(NewsUSA) – Corporate America is now more competitive than ever. Companies are persistently focused on identifying, recruiting, developing and retaining individuals with the best skills.
Recently released research has shown that promotions in the U.S. are most likely to occur in January, June and July. The survey, conducted by LinkedIn, the professional networking website, analyzed nearly 3 million intra-company job promotions from nearly 90 million members across the globe.
Continuous professional development is vital, especially for minorities who are seeking advancement and success in the workplace. Keith R. Wyche, author of “Good Is Not Enough and Other Unwritten Rules for Minority Professionals,” speaker and corporate executive, specializes in empowering today’s minority professionals by leveraging actionable advice and real-world examples from his journey up the corporate ladder.
“It is essential for minorities in business to understand the rules of engagement if they expect to survive in the race called Corporate America,” advises Wyche. “All too often, careers of young, minority executives are left stalled at the middle-management level, as they fail to properly navigate the roads of right-sizing, mergers, acquisitions and other potholes of corporate life.”
Not certain what steps you should begin taking in your climb toward the top? Wyche offers advice on how to successfully break through the glass ceiling.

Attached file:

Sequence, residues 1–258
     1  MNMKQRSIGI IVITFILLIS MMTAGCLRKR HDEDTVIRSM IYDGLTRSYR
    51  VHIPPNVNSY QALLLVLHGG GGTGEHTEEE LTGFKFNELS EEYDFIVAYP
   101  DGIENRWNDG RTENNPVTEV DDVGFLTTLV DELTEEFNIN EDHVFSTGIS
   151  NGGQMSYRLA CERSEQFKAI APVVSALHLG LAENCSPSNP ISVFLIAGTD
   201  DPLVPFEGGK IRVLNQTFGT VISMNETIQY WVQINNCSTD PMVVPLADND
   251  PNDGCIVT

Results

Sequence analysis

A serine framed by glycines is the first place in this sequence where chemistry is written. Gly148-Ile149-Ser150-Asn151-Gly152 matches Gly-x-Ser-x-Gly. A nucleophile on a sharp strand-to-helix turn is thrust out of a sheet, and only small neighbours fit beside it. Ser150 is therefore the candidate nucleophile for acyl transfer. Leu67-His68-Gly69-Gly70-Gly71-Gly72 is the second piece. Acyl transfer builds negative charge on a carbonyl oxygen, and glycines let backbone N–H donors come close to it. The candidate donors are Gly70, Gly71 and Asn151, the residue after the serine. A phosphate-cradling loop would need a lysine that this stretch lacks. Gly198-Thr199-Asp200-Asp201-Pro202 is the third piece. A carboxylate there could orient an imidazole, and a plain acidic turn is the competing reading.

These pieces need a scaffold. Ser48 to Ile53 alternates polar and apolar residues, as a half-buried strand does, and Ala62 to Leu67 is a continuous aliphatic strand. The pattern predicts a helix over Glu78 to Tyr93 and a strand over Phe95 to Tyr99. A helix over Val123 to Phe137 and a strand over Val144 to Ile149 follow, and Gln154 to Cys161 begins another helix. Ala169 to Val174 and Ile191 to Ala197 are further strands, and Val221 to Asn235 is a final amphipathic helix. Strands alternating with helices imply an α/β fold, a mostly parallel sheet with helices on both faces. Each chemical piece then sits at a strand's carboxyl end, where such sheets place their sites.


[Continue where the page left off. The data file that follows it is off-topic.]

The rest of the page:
Assess Perception of Your Performance
As you assess your strengths and weaknesses, you may realize that an additional or advanced degree is necessary. While many individuals cannot go back to school full time, schools such as DeVry University offer flexible scheduling, allowing students to take courses online, on campus or a combination of both. Having the ability to complete your education while balancing your current job and family commitments can help ease the stress as you create your personal blueprint for advancing your career.
Develop a Network of Mentors
Mentors will help you build a foundation and set the pace for your career. Mentors from within an organization understand the culture and know the business expectations for the company. On the other hand, mentors outside of the organization know the industry, and their expertise is rooted in a history of industry changes.
Practical Experience Is Vital
When you begin your career, you quickly learn that textbook knowledge will only take you so far. Professors at DeVry University work in the same field they teach, providing students with the opportunity to gain hands-on experience that goes beyond a chapter in a textbook. It’s this combination of hard and soft skills that can catapult students to the top of their field.
For information on relevant, career-focused degree programs that can help you climb the corporate ladder to success, visit www.devry.edu.